The 100 Best Albums of 2016, Part 1: 100-81

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 Now that 2016 is well and truly over, it’s time to take stock of the best albums of that endless slog of a year.

#100: Greys – Outer Heaven

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A gloriously blown out pile of noise, akin to …And You Will Know Us By The Trail Of Dead before they lost the wordiness and the busted speakers.

#99:  Classixx – Faraway Reach

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Chrome-plated funk like it was meant to be played, all groove and white decor, clothing and furniture picked to match the drugs.

#98:  Amber Arcades – Fading Lines

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Sometimes I think that “hazy” is an overused adjective but in the case of Annelotte de Graaf it is absolutely warranted.  These are the faded Polaroids of old summer memories, set to music.  Did I ever mention she has a law degree and once worked as an assistant with the UN war crimes tribunal?  She’s so cool.

#97:  Minor Victories – Minor Victories

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Rumbling goth-inspired rock that straddles a line between clean suburban days and squalid urban nights.  Minor Victories sounds much of the time as though it comes from an alternate dimension where the Batcave gave birth to modern chillwave.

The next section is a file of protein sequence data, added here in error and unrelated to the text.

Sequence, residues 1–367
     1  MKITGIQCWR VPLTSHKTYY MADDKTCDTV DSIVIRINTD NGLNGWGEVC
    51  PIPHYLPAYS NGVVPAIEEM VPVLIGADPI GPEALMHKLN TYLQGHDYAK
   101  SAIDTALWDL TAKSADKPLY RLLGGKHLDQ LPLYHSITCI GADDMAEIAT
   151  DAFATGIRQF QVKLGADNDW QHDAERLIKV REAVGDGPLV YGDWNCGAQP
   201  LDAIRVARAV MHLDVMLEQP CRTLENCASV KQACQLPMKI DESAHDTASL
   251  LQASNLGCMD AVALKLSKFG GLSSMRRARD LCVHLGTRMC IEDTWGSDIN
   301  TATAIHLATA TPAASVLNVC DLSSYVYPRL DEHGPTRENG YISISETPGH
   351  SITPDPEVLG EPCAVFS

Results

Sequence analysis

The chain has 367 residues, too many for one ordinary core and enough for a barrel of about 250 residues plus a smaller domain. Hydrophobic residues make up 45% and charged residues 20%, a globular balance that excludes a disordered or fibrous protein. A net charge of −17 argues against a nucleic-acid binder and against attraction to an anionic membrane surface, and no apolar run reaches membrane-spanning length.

#96:  Paul Simon – Stranger To Stranger

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2016 proved, at the very least, that the Boomers still had some creative force left in them.  That Paul Simon’s best album since Graceland was merely one of them shows the strength of this.  He still has that particular bouncing groove, the one that lends a sense of urgency to his marquee-light poetry.

#95: Sonny & The Sunsets – Moods Baby Moods

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Contemporary New Wave with a seriously demented bent.  Is “Dead Meat On The Beach” the weirdest track?  “Well But Strangely Hung Man”?  Either way, it’s a fractured fever dream set in the 1980s and populated with the bizarre.

#94:  Dam-Funk – DJ Kicks

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Electronic funk so party-ready you’ll find a drink in your hand two songs in.  If it reminds you of listening to a party set over the radio, there’s a reason for that.

#93:  Marissa Nadler – Strangers

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Ghostly folk by a living siren, with better production values than before and a better sense of the space that Ms. Nadler’s voice can occupy.  Also contains one of the (!) best Black Sabbath covers of the year.

#92:  Twin Peaks – Down In Heaven

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A swampy mix of T. Rex, CCR, and the Stones, an album out of time and yet completely in step with the contemporary garage scene.  Perfect for the curmudgeonly skeptic of modern music on your list.

#91:  Skepta – Konnichiwa

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Once upon a time (2002?  2003?) they were holding grime parties in Kensington Market as a sort of cutting-edge hip hop night and Dizzee Rascal was winning the Mercury Prize with jacked Playstation beats.  Now Skepta is winning the Mercury Prize with professionally thick production and having Pharrell and A$AP Nast guesting alongside old grime luminaries like Wiley and Novelist.  2016, everyone.